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Memphis Flyer Turn Up That Noise!

By Stephen Grimstead

JUNE 29, 1998: 

Joe Ely, Twistin’ In The Wind (MCA)

Joe Ely is a shark – his only options appear to be movement or death.

His latest release, Twistin’ In The Wind, abounds with long, galloping rhythms, implying motion and distant horizons. Mysterious strangers, mythical figures, and uncontrolled passions are portrayed in a literate and lyrically rich style throughout the twelve songs found here. And while Ely is prowling the same waters he has inhabited for most of his career, there are new directions evident in his songwriting and musical approach. Where he once obsessed on the attempted escape from fate and destiny, he now spends equal time flying directly into the face of these looming realities. With maturity (which, in Ely’s case, does not imply stagnation) comes a degree of acceptance and, at times, a grim resignation regarding the end result of one’s path, whether willfully chosen or not.


His hot new release finds Joe Ely stalking fresh territory

Ely skillfully mixes his now familiar style with new musical touches. His venerable roadhouse attitude is challenged by the pugilistic nascency of the gospel-inspired chorus of “Roll Again,” and the ghostly chain gang despair and resentment of “You’re Working For The Man.” In each song, a basic understanding of the human condition is magnified by a formerly unused attention to primal vocal energies. And there are remnants of the stylistic departure that defined 1995’s Letter To Laredo. For instance, “I Will Lose My Life” sounds like the classic conjunto weeper with a strong country feel. (On the relative down side, Ely’s attempt to stretch his musical paradigm sometimes outstrips his ability, as in “Gulf Coast Blues.” This particular choice of twang/torch begs for a more supple vocal ability.)

But what really makes this album stronger than his last release is the welcome resurgence of the electric guitar(s), which alternate between soothing ambience and embracing aggression. Long-time cohorts David Grissom and Jesse Taylor are featured prominently here, to great advantage. Original Joe Ely Band member Lloyd Maines is in especially fine form, weaving his liquid steel through most every number with white hot subtlety. The opening track, “Up On The Ridge,” recollects his Musta Notta Gotta Lotta days with a long Taylor/Maines duel shooting sparks all over the place.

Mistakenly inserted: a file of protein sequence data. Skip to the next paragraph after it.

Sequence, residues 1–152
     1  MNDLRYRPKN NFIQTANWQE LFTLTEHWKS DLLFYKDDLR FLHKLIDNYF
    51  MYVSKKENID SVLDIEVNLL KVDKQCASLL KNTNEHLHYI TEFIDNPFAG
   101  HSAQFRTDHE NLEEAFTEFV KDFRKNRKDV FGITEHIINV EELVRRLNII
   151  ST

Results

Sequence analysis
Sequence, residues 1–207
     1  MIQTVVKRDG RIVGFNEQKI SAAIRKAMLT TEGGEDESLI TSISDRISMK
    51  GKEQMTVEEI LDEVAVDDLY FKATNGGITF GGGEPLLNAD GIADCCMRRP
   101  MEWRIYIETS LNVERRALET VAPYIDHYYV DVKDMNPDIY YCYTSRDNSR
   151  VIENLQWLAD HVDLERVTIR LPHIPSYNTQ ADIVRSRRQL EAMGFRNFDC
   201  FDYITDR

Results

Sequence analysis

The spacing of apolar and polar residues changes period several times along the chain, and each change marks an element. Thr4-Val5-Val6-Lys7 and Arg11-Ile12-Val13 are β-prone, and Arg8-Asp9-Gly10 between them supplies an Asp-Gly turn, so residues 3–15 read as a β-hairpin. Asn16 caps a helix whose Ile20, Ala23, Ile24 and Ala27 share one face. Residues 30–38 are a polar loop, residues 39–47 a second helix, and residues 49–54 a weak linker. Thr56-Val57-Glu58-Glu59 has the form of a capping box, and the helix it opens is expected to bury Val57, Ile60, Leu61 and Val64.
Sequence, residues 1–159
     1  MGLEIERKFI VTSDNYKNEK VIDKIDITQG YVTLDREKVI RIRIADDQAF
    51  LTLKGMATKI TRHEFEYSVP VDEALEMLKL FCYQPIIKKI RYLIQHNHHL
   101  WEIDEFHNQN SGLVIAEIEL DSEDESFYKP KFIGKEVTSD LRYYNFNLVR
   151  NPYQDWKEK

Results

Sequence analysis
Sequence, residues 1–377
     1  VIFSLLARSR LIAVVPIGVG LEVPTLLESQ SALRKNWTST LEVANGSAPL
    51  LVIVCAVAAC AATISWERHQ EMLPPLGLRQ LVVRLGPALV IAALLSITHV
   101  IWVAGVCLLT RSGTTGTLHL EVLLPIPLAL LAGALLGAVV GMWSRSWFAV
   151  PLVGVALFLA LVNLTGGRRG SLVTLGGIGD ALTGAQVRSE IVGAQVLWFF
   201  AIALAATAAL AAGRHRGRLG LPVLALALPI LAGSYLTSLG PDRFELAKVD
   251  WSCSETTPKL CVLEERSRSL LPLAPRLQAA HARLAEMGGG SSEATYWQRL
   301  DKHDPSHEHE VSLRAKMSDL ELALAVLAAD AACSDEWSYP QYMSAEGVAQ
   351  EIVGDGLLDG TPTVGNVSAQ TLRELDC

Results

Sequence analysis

The centerpiece of the album has to be “Behind the Bamboo Shade.” This is a classic piece of Western songwriting reminiscent of Marty Robbins’ “El Paso,” with its hypnotically beautiful musical structure (especially guitarist Teye’s bold flamenco fretwork) contrasting the cruel deception and violent denouement of the tale. Sort of like a Cormac McCarthy tale set to great music.

Always restless, never content, Joe Ely has admirably incorporated new elements into yet another finely crafted, impassioned piece of work. And while a few of his innovative touches fall flat, it’s good to see the old shark still prowling. – David Kendall


Charlie Haden and Kenny Barron, Night And The City (Verve)

This relaxed and unassuming pairing of Haden and pianist Kenny Barron continues a trend of duet albums for the legendary bassist. Haden collaborated with pianist Hank Jones in 1995 on the masterpiece Steal Away, a remarkable collection of spirituals and folk tunes. Haden and Pat Metheny recorded Beyond The Missouri Sky last year, melding folk and country motifs into a brilliant and highly potent blend. By all accounts, Haden’s recent duet records have been stunning, highly unique events.

In the wake of this superlative legacy, Night And The City comes as something of a disappointment. Not that Barron is any musical slouch – far from it, for Barron’s Things Unseen was one of last year’s most exciting recordings. It seems that the inspiration and insight that have fueled Haden’s recent duets is missing from this recording, and the two masters fall back on old warhorse tunes like “Body and Soul” and “You Don’t Know What Love Is” to fill out the disc.

The feel is late-night, romantic, and almost too relaxed. The lack of a fresh and original concept for this outing leaves you hungry for more. Sure, it’s very comfortable, and the playing is warm and inviting, but the brilliance and exciting uniqueness that made both Steal Away and Beyond The Missouri Sky so appealing are absent here. After a dozen or so listenings the longing for something more compelling, more original, and more creative from these two masters overrides the pleasantness of the music. You just know that Barron and Haden are capable of much more than a disc of rehashed standards. – Gene Hyde


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